(NEW YORK) -- Megan Provost ate a salad at Olive Garden six days before the onset of what she called the worst stomach bug of her life.
"I felt like somebody socked me in the stomach," Provost, a 29-year-old banker, said. "I wouldn't wish this on my worst enemy."
After learning about the multi-state cyclospora outbreak tied to Olive Garden in Nebraska and Iowa, she said she's "100 percent sure" that she had the illness caused by a one-celled parasite and spread through contaminated food. Cyclospora has sickened 425 people in 16 states so far.
But Provost is in Kansas, where investigators have reported only one case of the stomach bug that originated within the state, and officials don't believe it's associated with the outbreak. Provost is still awaiting test results to confirm her cyclospora infection with the Centers for Disease Control and Prevention, so she is not included in the state's three reported cases, two of which originated in Iowa and Nebraska.
"It is possible that the ... case in Kansas is a sporadic case that was detected because of increased awareness of cyclospora among the public and health care providers," said Kansas state epidemiologist D. Charles Hunt. "But it is not possible to determine a potential source with just one case."
The Food and Drug Administration announced on Friday that Taylor Farms, which supplies pre-packaged salad to Darden restaurants such as Olive Garden and Red Lobster, was responsible for the outbreak of cyclospora, but only in Nebraska and Iowa.
"It is not yet clear whether the cases reported from other states are all part of the same outbreak,"said FDA spokeswoman Theresa Eisenman. "The investigation of increased cases of cyclosporiasis in other states continues."
Food safety experts say cyclospora is too rare for the cases to be unrelated, but many questions remain.
"Cyclospora is rare -- especially in the U.S. -- so the chances of most, not all, not being related to the same product and/or manufacturer is very, very slight," foodborne illness lawyer Bill Marler said in an email.
Although Nebraska and Iowa are home to 232 of the 425 cases, health officials haven't determined how the remaining 193 cyclospora victims picked up the parasite.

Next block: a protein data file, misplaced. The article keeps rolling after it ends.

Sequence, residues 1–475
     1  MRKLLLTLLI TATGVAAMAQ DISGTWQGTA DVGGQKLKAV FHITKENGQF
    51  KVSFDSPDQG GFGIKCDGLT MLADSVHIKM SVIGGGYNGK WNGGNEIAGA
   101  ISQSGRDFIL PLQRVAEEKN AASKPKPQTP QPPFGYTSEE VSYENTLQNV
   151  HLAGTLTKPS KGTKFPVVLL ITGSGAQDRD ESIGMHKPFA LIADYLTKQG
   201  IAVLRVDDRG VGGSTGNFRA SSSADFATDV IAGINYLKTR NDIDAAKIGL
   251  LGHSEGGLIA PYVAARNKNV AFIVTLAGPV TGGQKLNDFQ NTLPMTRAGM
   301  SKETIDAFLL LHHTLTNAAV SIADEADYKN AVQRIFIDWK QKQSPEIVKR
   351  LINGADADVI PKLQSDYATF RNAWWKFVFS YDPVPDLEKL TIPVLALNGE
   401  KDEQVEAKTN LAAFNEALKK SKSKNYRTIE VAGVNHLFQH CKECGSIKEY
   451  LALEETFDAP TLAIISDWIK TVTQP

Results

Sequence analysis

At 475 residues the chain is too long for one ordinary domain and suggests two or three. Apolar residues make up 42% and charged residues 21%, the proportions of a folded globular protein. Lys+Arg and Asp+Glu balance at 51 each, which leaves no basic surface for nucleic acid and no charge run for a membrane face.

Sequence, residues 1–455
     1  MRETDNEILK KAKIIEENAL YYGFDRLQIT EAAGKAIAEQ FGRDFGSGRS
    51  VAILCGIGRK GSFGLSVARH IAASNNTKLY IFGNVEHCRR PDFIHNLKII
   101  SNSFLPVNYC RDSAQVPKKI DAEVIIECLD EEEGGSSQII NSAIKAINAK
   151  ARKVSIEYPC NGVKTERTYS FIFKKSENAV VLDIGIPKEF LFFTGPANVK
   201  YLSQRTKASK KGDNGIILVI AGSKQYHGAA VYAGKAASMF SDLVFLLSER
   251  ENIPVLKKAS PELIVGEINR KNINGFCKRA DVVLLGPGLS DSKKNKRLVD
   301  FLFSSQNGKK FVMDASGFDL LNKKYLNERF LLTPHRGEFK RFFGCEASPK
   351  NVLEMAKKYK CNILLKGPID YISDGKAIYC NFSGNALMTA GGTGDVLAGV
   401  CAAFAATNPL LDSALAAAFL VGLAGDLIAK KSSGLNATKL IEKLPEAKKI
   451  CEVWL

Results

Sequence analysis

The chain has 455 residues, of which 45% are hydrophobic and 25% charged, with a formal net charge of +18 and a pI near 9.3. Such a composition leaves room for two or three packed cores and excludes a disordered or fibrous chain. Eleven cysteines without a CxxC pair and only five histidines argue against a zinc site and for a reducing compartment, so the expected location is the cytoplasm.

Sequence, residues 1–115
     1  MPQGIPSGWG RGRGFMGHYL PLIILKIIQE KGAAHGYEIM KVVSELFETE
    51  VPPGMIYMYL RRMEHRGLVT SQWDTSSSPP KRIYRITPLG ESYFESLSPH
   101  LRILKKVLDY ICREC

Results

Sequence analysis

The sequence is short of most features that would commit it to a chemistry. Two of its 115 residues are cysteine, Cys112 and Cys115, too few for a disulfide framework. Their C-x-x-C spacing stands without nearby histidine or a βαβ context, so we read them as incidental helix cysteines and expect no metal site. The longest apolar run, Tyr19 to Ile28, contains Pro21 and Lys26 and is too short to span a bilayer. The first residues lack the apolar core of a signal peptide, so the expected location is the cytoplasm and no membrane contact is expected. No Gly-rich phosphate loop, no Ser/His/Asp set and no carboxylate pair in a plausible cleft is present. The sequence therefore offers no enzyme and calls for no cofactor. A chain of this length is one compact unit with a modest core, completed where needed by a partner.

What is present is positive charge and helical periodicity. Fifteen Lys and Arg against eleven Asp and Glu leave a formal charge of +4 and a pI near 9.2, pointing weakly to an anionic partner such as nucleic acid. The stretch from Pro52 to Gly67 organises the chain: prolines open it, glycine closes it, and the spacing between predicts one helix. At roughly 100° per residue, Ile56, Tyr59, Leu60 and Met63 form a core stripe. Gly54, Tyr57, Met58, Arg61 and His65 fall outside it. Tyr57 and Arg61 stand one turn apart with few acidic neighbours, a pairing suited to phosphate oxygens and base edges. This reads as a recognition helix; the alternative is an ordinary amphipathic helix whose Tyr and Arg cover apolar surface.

In Texas, where 127 people have confirmed cyclospora cases, Darden restaurants don't get their salads from Taylor Farms, Darden spokesman Rich Jeffers told the Orlando Sentinel. When ABC News asked the farm who else it supplied in Texas, it dodged the question and referred further questions to Darden.
Health officials in Texas are interviewing patients, but they haven't linked their illnesses to salad products from Taylor Farms, said Texas Department of State Health Services spokeswoman Christine Mann.
"The Department of State Health Services is interviewing cases -- and so are local health departments -- to try to figure out a common source," she said. "At this point, we haven't determined any links."
In Florida, officials haven't linked their 25 cyclospora cases to the salad mix, but they can't rule it out either, said state health department spokeswoman Erica Chicola.
"Whether we can say something more definite will depend on whether the FDA can do a 'trace forward' that proves the product was sent to Florida, and if there is a link between product distribution and the shopping patterns of the Florida cases," Chicola said.
The investigation is difficult because of how salads are mixed together from different fields and are sold under different brand names, said Christopher Waldrop, who directs the Food Policy Institute at the Consumer Federation of America.
"The hope is that the spikes are all connected and they're able to determine conclusively that the ones in Texas and other states are part of the larger outbreak," Waldrop said. "But it sounds like they just don't have the proof yet."
Marler said cyclospora patients in states not yet tied to Taylor farms may have eaten food from the same growing area or processing facility but whose products are sold under different brand names. Or it could be a different cross-contaminated product altogether.
Lawyer Tony Coveny of law firm Simon and Luke, who focuses on food poisoning and represents Provost and about a dozen other cyclospora victims, said he's not surprised the FDA and the Centers for Disease Control and Prevention need more time to confirm the source of the outbreak. If they announce the wrong name, it will cost that company millions of dollars and could damage the FDA's relationship with members of the food industry for other future investigations.
"The nice thing about salads being linked to a particular batch is that they have a short shelf life," he said, adding that it's fortunate that the product at the center of the outbreak isn't a canned good with a long shelf life. "It's less likely to have a huge public impact by failing to recall the lettuce. It's only on the shelf a week or two anyway."
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